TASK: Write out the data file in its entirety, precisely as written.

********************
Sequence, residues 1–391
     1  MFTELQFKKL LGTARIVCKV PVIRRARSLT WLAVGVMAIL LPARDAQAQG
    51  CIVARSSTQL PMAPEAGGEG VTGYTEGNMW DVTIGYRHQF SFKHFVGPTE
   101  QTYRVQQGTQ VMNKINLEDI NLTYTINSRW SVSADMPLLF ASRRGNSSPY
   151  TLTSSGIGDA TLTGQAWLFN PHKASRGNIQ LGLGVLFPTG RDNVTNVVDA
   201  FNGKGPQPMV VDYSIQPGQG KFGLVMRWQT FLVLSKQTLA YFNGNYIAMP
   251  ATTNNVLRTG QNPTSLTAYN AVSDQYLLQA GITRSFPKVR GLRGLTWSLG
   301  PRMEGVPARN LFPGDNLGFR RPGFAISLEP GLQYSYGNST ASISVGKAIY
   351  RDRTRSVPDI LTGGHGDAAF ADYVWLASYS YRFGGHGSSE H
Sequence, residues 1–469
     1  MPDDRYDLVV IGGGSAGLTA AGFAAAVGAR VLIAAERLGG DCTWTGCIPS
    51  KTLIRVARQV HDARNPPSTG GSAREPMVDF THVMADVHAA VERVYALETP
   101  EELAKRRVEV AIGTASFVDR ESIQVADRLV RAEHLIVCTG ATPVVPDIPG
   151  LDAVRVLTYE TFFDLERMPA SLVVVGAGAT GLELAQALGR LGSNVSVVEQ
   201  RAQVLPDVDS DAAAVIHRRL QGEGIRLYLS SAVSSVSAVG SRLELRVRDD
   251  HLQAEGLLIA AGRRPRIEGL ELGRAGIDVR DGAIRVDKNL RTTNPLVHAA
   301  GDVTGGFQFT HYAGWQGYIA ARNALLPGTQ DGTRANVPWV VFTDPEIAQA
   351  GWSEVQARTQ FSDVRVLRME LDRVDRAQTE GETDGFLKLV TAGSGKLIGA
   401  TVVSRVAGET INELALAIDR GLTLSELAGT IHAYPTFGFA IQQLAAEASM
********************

Sequence, residues 1–391
     1  MFTELQFKKL LGTARIVCKV PVIRRARSLT WLAVGVMAIL LPARDAQAQG
    51  CIVARSSTQL PMAPEAGGEG VTGYTEGNMW DVTIGYRHQF SFKHFVGPTE
   101  QTYRVQQGTQ VMNKINLEDI NLTYTINSRW SVSADMPLLF ASRRGNSSPY
   151  TLTSSGIGDA TLTGQAWLFN PHKASRGNIQ LGLGVLFPTG RDNVTNVVDA
   201  FNGKGPQPMV VDYSIQPGQG KFGLVMRWQT FLVLSKQTLA YFNGNYIAMP
   251  ATTNNVLRTG QNPTSLTAYN AVSDQYLLQA GITRSFPKVR GLRGLTWSLG
   301  PRMEGVPARN LFPGDNLGFR RPGFAISLEP GLQYSYGNST ASISVGKAIY
   351  RDRTRSVPDI LTGGHGDAAF ADYVWLASYS YRFGGHGSSE H
Sequence, residues 1–469
     1  MPDDRYDLVV IGGGSAGLTA AGFAAAVGAR VLIAAERLGG DCTWTGCIPS
    51  KTLIRVARQV HDARNPPSTG GSAREPMVDF THVMADVHAA VERVYALETP
   101  EELAKRRVEV AIGTASFVDR ESIQVADRLV RAEHLIVCTG ATPVVPDIPG
   151  LDAVRVLTYE TFFDLERMPA SLVVVGAGAT GLELAQALGR LGSNVSVVEQ
   201  RAQVLPDVDS DAAAVIHRRL QGEGIRLYLS SAVSSVSAVG SRLELRVRDD
   251  HLQAEGLLIA AGRRPRIEGL ELGRAGIDVR DGAIRVDKNL RTTNPLVHAA
   301  GDVTGGFQFT HYAGWQGYIA ARNALLPGTQ DGTRANVPWV VFTDPEIAQA
   351  GWSEVQARTQ FSDVRVLRME LDRVDRAQTE GETDGFLKLV TAGSGKLIGA
   401  TVVSRVAGET INELALAIDR GLTLSELAGT IHAYPTFGFA IQQLAAEASM